Anxiety disorders are the most common type of psychiatric illness, yet researchers know very little about factors linked to recovery.
In a new study, researchers examined three levels of recovery in a large, representative sample of more than 2,000 Canadians with a history of a generalized anxiety disorder (GAD).
They found that 72% of Canadians with a history of GAD have been free of the mental health condition for at least one year.
Overall, 40% were in a state of excellent mental health, and almost 60% had no other mental illness or addiction issues, such as suicidal thoughts, substance dependence, a major depressive disorder or a bipolar disorder.
The definition of excellent mental health sets a very high bar. To be defined in excellent mental health, respondents had to achieve three things:
1) almost daily happiness or life satisfaction in the past month, 2) high levels of social and psychological well-being in the past month, and 3) freedom from generalized anxiety disorder and depressive disorders, suicidal thoughts and substance dependence for at least the preceding full year.
The research was conducted by a team at the University of Toronto.
The team says they are glad to learn that even among those whose anxiety disorders had lasted a decade or longer, half had been in remission from GAD for the past year and one-quarter had achieved excellent mental health and well-being.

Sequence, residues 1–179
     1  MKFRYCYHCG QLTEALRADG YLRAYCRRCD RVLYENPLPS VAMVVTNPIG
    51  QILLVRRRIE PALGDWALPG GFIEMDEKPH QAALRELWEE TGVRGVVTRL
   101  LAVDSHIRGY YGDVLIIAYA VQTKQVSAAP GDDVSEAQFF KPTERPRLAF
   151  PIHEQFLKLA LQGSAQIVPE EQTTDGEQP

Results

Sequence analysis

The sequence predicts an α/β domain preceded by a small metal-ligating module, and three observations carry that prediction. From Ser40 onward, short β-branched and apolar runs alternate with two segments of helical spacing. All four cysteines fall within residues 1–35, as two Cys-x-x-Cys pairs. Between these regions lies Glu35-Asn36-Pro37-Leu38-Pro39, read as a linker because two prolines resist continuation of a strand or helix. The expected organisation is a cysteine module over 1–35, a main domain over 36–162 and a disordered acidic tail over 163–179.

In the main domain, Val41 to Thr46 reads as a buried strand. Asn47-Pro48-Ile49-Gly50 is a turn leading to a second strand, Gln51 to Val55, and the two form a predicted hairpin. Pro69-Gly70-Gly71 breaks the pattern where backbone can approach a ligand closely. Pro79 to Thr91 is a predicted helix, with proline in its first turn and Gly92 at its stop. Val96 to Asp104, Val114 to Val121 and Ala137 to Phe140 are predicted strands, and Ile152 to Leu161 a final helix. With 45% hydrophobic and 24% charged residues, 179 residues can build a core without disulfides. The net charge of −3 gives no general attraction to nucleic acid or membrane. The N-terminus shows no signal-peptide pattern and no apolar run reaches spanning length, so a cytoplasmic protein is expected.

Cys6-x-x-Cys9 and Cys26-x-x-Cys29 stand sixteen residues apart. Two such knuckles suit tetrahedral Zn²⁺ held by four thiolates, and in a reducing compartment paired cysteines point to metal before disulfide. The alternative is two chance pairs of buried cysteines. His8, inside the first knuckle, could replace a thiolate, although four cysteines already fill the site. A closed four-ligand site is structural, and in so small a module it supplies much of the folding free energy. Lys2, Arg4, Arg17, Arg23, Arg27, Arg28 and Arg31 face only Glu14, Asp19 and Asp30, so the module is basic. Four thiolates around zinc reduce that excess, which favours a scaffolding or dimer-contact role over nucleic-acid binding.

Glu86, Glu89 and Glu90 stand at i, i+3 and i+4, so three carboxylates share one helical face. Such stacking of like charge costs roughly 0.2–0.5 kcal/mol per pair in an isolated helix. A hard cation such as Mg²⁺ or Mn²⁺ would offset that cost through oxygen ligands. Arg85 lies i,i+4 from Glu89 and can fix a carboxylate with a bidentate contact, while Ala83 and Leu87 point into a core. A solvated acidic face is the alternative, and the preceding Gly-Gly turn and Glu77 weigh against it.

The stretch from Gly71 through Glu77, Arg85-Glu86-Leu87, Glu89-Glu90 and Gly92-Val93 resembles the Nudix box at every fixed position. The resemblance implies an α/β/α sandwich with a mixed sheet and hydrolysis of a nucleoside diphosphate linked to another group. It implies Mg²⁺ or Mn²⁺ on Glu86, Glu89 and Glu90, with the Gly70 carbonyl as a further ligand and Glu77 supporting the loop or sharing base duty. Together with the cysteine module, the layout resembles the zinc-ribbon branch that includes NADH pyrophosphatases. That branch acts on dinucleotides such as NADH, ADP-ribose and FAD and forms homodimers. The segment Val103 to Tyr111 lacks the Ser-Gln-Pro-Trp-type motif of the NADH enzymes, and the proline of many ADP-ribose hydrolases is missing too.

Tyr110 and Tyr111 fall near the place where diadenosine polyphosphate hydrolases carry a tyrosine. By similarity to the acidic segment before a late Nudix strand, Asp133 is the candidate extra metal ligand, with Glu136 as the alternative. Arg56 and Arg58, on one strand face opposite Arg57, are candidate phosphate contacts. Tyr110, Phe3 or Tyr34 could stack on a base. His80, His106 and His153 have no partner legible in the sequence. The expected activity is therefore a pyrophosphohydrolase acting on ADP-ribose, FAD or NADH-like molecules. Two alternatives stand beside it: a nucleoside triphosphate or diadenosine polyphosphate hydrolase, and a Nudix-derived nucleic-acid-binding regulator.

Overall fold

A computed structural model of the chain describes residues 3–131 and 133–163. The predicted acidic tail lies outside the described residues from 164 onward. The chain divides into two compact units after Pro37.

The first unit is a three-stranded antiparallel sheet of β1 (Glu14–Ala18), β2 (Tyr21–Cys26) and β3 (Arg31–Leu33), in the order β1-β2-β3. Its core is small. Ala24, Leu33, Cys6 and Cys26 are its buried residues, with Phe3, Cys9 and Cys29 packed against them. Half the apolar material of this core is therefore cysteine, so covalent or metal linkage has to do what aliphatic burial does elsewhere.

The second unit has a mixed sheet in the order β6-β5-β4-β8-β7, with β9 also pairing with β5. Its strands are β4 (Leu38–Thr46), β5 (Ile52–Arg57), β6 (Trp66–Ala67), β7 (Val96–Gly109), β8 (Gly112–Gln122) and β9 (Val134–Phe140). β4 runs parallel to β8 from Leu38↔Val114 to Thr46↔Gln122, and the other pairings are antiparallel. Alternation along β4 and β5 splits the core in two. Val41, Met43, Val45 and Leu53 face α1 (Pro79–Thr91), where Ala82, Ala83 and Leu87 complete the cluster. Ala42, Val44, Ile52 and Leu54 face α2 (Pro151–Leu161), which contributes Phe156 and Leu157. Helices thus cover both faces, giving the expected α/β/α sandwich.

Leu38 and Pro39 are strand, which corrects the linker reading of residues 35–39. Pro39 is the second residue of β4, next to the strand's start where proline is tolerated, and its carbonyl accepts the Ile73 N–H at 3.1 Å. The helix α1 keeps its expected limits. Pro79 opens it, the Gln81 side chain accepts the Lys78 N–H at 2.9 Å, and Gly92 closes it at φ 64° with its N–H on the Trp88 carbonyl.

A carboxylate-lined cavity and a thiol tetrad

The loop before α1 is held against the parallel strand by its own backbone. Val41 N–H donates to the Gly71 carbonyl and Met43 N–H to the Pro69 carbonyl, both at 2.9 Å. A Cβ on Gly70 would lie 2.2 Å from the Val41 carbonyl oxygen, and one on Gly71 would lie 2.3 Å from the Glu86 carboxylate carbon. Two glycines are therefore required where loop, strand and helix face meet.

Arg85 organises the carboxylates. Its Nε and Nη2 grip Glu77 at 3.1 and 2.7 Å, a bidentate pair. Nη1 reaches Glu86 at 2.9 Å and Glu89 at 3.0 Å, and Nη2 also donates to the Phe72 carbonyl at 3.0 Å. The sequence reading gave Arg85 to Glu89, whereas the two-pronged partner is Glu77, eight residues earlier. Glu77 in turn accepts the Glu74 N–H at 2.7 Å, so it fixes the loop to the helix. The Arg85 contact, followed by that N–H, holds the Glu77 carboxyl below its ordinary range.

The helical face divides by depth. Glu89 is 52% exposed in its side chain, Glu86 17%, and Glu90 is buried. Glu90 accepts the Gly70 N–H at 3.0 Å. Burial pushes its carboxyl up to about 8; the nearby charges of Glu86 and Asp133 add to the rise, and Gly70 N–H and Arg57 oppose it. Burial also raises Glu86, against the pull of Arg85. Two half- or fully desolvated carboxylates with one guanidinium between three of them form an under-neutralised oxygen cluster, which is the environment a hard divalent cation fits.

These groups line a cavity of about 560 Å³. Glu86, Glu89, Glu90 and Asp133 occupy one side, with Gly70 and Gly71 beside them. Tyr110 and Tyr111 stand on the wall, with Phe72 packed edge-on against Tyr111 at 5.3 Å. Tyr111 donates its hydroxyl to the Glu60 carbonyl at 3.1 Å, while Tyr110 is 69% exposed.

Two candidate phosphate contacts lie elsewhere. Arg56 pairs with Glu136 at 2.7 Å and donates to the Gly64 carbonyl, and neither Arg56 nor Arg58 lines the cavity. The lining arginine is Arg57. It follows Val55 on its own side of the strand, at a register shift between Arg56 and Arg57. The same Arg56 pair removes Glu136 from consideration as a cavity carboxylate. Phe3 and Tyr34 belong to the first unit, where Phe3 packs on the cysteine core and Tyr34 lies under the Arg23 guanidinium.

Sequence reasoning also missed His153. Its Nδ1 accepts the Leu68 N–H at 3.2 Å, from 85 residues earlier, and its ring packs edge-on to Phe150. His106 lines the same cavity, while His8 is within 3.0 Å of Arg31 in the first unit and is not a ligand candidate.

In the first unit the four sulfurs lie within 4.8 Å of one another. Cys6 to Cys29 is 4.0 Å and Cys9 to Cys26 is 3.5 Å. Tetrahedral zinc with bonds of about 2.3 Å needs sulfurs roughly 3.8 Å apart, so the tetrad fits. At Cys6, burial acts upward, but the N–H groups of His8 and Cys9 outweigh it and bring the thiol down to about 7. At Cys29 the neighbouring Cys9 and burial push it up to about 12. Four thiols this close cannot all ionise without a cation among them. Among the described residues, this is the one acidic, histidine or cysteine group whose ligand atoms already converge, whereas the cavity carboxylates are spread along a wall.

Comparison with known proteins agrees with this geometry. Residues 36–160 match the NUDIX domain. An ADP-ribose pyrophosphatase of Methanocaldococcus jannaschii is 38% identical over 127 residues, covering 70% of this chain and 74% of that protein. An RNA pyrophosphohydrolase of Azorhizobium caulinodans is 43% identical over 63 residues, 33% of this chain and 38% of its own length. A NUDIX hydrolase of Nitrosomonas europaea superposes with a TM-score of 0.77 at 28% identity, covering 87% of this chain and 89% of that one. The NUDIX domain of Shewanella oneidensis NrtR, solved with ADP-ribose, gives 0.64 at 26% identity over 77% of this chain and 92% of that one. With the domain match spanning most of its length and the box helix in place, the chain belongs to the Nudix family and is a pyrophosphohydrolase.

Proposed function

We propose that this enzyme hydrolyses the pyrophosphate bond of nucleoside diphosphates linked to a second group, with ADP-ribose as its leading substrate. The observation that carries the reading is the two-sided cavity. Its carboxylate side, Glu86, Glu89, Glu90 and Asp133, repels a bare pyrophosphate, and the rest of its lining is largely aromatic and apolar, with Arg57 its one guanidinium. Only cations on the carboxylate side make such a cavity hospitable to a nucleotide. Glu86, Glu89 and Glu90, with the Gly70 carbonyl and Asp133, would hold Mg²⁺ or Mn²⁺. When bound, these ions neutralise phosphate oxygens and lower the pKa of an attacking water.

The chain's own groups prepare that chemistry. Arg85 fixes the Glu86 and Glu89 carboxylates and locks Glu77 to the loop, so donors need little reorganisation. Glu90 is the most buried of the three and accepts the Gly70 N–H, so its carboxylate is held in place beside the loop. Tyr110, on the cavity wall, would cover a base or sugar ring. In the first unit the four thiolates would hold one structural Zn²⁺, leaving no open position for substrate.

This research provides a very hopeful message for people struggling with anxiety, their families and health professionals.
The findings suggest that full recovery is possible, even among those who have suffered for many years with the disorder.
People who had at least one person in their lives who provided them with a sense of emotional security and wellbeing were three times more likely to be in excellent mental health than those without a confidant.
The team says for those with anxiety disorders, the social support that extends from a confidant can foster a sense of belonging and self-worth which may promote recovery.
In addition, those who turned to their religious or spiritual beliefs to cope with everyday difficulties had 36% higher odds of excellent mental health than those who did not use spiritual coping.
The researchers say that poor physical health, functional limitations, insomnia and a history of depression were impediments to excellent mental health in the sample.
The lead author of the study is Esme Fuller-Thomson.
The study is published in the Journal of Affective Disorders.
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